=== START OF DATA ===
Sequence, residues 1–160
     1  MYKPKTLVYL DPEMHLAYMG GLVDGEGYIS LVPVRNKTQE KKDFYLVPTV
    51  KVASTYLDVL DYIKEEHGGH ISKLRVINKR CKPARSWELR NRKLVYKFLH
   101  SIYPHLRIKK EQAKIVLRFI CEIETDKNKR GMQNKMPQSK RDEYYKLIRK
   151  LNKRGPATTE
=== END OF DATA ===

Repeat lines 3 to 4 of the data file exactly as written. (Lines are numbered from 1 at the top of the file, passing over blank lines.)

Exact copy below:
    51  KVASTYLDVL DYIKEEHGGH ISKLRVINKR CKPARSWELR NRKLVYKFLH
   101  SIYPHLRIKK EQAKIVLRFI CEIETDKNKR GMQNKMPQSK RDEYYKLIRK